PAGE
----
Ohrn Image — Public Art

This is “Bird Wrap“, and an ambiguous, mythical, but menacing figure crouches in a bird-like hoodie. It is located at Vancouver’s gorgeous Pacific Central Station, where Via Rail, Amtrak and Greyhound move people to and from the city.

If you haven’t done it, take some time to wander the station’s concourse, and see what the glory days of the railroad business looked like in Canada.



“Bird Wrap:  Ivan Eyre.  Vancouver Biennale



Twinning Thoughts — Arbutus Greenway


Two views today on the debate concerning the temporary surface to be used during a pre-consultation period as an old railroad corridor lurches into becoming a Greenway.

Mike Klassen in the Courier reviews the arguements in progress and the planning history around the Greenway and says: “Welcome to pavement politics in Vancouver”. It’s a useful broad-brush, high-level review and a primer on planning processes, based in part on a careful re-reading of a 25-year-old planning document, and subsequent versions of similar material.

I was convinced (and remain so) that City of Vancouver staff had made a smart decision to hasten access to the Arbutus Greenway for all pedestrians, cyclists and wheelchair users, even with a planned public consultation on the pathway barely underway. . .

. . . The Task Group’s final report — titled Greenways-Public Ways (1992) . . .  It was in the “Greenways” report that the idea of an Arbutus right-of-way that “includes bicycle and pedestrian paths” was forged.

A while back I received a bound copy of the report as a keepsake — along with the Vancouver Greenways Plan (1995) — from retired city planner Sandra James, who was, and is, the city’s most energetic proponent of walkability.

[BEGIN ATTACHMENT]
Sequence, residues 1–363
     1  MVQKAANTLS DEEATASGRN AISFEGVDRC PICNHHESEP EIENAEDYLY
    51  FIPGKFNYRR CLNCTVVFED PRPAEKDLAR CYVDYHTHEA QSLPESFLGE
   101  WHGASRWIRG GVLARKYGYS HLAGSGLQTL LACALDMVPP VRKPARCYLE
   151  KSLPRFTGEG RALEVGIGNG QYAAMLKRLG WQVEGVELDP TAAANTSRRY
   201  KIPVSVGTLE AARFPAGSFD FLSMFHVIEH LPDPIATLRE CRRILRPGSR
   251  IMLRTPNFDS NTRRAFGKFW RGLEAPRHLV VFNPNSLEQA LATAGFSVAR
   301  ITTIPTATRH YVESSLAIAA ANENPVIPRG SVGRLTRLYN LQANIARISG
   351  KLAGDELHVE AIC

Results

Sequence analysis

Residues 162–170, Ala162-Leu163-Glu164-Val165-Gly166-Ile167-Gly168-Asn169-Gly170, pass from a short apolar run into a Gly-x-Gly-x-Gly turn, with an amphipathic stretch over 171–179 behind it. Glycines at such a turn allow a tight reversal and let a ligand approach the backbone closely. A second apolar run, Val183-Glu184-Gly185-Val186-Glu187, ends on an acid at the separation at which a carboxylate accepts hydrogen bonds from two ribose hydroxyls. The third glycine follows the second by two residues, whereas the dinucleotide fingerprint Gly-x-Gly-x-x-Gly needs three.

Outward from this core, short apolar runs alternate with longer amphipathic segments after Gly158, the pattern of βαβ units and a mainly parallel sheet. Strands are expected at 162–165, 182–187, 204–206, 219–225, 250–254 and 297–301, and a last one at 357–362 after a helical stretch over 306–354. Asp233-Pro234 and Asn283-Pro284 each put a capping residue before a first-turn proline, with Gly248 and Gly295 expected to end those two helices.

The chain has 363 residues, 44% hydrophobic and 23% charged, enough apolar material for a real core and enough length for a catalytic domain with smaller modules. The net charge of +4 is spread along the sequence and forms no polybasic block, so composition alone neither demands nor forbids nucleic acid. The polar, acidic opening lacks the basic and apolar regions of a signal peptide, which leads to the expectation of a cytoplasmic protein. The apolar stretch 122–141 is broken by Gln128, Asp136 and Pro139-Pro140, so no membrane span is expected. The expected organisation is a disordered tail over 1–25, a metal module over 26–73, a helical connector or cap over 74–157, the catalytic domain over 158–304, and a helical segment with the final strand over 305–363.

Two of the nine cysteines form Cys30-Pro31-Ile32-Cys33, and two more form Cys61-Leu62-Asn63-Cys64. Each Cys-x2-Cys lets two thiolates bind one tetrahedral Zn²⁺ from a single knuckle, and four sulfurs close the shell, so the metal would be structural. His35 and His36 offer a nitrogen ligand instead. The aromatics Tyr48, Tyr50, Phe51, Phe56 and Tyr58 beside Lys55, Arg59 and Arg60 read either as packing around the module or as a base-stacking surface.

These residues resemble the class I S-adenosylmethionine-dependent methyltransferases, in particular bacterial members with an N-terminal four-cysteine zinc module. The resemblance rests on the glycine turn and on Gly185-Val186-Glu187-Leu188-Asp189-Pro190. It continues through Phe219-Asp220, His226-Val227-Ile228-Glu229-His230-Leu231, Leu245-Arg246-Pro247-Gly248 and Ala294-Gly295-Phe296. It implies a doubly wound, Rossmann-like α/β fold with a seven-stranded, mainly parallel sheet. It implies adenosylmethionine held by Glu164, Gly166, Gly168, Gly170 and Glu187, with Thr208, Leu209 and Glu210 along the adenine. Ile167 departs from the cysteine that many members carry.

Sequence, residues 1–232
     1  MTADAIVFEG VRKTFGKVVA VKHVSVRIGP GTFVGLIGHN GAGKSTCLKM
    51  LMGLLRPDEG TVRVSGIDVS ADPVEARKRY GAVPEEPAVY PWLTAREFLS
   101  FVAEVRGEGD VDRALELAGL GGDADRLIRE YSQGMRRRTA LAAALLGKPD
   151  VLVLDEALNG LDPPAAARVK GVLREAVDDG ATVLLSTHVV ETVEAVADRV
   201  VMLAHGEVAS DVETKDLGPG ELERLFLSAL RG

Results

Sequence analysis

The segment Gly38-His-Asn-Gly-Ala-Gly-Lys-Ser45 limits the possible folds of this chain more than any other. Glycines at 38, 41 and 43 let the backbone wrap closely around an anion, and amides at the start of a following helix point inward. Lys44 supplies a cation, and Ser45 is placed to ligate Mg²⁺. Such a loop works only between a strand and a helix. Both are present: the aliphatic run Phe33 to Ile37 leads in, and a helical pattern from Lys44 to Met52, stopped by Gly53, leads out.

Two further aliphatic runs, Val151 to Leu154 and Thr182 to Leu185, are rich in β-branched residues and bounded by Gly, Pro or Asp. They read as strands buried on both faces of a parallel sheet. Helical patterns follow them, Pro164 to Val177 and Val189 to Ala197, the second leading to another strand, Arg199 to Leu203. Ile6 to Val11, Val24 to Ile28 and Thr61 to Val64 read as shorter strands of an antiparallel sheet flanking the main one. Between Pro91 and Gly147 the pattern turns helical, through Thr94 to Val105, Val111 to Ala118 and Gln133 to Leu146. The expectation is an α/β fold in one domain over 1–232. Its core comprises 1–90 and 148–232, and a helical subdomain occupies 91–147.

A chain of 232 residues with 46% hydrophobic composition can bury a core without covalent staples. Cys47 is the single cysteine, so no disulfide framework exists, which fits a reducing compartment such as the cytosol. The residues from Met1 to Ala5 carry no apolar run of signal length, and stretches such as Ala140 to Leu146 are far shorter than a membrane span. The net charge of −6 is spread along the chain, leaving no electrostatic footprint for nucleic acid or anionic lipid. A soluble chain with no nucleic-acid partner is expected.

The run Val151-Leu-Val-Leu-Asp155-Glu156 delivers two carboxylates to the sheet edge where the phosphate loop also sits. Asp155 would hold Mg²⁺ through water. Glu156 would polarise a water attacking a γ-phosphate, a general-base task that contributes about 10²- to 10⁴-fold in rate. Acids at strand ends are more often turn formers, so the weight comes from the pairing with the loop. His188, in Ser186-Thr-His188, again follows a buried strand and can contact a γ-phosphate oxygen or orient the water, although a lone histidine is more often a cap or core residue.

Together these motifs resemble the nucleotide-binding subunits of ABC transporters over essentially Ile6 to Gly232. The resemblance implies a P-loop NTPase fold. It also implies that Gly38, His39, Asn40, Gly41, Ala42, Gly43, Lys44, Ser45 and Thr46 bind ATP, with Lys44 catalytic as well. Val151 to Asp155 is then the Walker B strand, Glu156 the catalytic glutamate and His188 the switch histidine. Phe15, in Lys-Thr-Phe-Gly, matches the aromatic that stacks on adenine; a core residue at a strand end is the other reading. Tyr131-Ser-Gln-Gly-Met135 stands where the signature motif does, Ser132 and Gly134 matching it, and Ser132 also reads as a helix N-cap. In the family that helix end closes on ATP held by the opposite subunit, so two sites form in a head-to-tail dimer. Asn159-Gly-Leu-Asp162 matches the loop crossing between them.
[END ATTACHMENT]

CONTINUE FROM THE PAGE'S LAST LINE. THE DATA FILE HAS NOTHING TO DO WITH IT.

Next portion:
On page 46 of the greenways report, a section titled “Vancouver Vision: Year 2010” . . .  sounds a lot like Vancouver today, with improved walking and cycling routes, reduced car trips in the downtown core thanks to better alternatives, and a network of greenways across the city. . . .

. . . But legacies are for another day, and Vancouver’s pedestrians, cyclists, runners, scooter and wheelchair riders deserve access to the greenway now.

Following a public letter released by this wheelchair user, some truly disturbing attack-oriented correspondence ensued, and this vigorous and well-voiced response. The story is long and it ‘s alternately saddening, maddening and heartening.  Referring to just one arguement of the “we love gravel, let’s not do anything to the Arbutus Greenway” crowd:

Nonetheless the image of people being knocked down like bowling pins had been planted in my mind.

So I asked a friend who is blind what he thought.

“What do you mean?” he said

“Would it worry you if part of the space is used by bicyclists and skateboarders?” I asked.

“I don’t understand” he said sounding genuinely baffled.

“I think some people think you will (I hesitated, now regretting starting the sentence because I knew how ridiculous I was about to sound)…they think you will be in danger.  (Silence) Would you be worried about being run over?”


“You’re not serious. The goal is inclusion.” he said.

To be sure, shared spaces require a consciousness of different needs.

In my own experience whenever there is a collision of users it is a reflection of poor design.

[Ed:  would commenters please limit their comments on this post to 3 per day]

Mobi Miscellanea


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A few items from the land of Vancouver bike-share.

Jens von Bergmann finds tweets-of-gold in the fast-growing thickets of Mobi data:  e.g. each bike gets around 3 rides per day so far. This is pretty good for a smallish system, as Mobi is currently, as the installation rolls out.


Ontario and Seawall station:   most popular (for a few days at least)

And as Mobi increases its utilization and physical reach, it also moves forward on the marketing front.  Kiosks and hair nets and new rates for the occasional (casual) rider: see more detail on rates HERE.  New daily pass and three types of monthly pass.